Beneficiaries are often in a somewhat invidious position. Despite the accepted rights of beneficiaries, access to remedies comes at a price. The case of Woodward v Smith is a rare example of a beneficiary seeking a prospective costs order (also known as a pre-emptive or protective costs order). A prospective costs order is an order that even if the beneficiary is unsuccessful at trial, the beneficiary will not be liable for the trustees’ costs.
While Mr Woodward was not sucessful, the case provides a useful consideration of the limited situations where a beneficiary might be able to obtain a prospective costs order.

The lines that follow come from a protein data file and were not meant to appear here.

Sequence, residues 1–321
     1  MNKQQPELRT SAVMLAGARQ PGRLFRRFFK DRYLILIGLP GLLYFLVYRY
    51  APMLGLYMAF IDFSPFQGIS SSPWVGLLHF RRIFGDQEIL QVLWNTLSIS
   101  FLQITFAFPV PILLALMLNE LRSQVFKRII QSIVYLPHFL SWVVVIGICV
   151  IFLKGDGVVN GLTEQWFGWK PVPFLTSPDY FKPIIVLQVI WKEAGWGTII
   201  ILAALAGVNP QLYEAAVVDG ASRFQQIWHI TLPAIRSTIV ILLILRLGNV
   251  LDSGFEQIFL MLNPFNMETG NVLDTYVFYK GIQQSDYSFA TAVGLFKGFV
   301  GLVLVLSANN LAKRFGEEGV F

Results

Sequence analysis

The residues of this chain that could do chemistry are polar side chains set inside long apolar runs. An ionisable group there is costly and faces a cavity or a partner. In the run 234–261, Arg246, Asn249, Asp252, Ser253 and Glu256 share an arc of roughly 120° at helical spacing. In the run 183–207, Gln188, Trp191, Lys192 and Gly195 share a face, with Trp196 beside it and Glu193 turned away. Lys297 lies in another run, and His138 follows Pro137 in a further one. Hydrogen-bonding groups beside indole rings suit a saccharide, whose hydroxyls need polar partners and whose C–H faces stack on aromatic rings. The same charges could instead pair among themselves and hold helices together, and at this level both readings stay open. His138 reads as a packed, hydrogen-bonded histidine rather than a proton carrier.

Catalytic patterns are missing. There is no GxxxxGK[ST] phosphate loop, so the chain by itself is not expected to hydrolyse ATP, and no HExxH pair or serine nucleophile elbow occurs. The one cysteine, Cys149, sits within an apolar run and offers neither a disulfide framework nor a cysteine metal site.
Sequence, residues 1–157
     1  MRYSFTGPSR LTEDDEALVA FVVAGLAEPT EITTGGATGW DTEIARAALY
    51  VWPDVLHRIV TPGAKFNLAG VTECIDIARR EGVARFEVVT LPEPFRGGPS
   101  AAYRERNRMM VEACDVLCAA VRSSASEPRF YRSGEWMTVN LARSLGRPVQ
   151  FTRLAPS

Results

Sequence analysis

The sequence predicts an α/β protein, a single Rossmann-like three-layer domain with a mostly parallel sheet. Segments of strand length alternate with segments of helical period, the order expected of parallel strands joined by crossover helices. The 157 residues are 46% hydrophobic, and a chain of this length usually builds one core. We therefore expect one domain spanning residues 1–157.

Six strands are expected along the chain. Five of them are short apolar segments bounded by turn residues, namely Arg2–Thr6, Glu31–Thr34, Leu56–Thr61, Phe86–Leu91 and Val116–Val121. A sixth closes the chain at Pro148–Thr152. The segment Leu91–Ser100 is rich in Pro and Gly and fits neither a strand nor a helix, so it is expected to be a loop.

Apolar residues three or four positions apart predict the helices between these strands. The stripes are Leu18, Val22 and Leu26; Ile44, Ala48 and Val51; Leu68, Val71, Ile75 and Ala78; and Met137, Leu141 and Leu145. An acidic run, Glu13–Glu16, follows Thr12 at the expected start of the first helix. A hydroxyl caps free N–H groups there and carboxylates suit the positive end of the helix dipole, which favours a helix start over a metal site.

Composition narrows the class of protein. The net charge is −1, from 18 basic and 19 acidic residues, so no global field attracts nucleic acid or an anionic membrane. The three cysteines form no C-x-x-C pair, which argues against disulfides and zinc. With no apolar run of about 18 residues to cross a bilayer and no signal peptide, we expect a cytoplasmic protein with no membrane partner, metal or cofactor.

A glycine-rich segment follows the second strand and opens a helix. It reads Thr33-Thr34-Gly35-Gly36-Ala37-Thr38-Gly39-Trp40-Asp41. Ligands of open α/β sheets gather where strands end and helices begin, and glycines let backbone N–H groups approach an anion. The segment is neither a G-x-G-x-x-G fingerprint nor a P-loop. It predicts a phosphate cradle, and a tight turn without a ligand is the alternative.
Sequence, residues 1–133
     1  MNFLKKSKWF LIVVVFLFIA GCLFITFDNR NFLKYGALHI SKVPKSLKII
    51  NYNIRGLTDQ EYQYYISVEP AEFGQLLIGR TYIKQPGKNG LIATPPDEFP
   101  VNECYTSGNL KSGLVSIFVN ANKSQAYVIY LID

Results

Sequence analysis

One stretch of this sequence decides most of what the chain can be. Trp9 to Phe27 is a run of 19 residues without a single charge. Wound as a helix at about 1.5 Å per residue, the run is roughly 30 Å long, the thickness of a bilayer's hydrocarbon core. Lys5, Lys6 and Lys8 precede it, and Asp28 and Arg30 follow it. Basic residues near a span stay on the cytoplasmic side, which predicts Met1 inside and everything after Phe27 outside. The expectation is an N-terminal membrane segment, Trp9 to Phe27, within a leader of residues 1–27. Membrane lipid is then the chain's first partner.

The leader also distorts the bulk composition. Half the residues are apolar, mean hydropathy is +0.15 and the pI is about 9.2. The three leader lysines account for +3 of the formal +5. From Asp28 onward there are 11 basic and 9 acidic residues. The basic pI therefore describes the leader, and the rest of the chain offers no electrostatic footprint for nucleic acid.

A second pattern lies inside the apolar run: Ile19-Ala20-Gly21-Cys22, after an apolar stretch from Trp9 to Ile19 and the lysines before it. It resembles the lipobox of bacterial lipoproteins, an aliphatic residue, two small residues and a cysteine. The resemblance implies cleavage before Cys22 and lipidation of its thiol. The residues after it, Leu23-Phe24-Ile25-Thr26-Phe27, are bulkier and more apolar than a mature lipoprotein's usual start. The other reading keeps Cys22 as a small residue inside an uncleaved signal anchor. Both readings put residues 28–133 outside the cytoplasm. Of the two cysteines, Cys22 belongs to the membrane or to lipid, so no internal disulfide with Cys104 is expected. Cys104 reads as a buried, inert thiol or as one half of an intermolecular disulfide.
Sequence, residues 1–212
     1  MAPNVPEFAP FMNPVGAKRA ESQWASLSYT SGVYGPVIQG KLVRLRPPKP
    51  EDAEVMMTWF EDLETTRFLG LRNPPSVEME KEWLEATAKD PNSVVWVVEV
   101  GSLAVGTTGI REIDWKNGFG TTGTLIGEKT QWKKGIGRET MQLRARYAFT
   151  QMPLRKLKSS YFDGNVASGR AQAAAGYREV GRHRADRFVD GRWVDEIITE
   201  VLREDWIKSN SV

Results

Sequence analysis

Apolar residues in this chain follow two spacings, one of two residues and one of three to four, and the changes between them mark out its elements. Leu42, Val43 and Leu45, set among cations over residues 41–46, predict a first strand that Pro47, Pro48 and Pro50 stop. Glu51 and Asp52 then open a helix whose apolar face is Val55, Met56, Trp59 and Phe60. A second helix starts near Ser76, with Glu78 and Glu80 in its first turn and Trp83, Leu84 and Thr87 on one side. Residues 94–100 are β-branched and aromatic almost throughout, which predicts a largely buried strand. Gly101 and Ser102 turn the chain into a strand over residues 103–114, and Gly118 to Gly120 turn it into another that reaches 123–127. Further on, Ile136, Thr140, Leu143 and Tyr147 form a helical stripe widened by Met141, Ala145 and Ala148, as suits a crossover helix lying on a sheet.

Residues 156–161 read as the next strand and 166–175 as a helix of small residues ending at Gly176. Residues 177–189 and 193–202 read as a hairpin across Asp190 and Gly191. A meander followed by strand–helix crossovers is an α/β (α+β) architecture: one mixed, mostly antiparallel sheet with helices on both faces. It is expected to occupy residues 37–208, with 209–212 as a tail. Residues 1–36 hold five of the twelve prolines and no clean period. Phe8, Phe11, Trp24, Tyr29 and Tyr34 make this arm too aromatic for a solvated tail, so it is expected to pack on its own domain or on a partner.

The proceedings on account of the prospective trusts order arose in the contex of three trust-related proceedings. Claims to be considered by the court include claims of self-dealing. In the prospective costs application the court heard that senior counsel had provided a strong opinion that self-dealing had occured and that that self-dealing was not permissible in terms of the relevant deed of trust.
The general rule is that costs follow the event, with the loser paying the winner’s costs, in whole or in part. However, the rules are less clear cut with trust-related litigation and costs remain at the court’s discretion. However, guidance on likely costs outcomes is available.
- Woodward v Smith  NZHC 407
- Lewin on Trusts (18th ed, Sweet & Maxwell, London, 2008) at [21-119]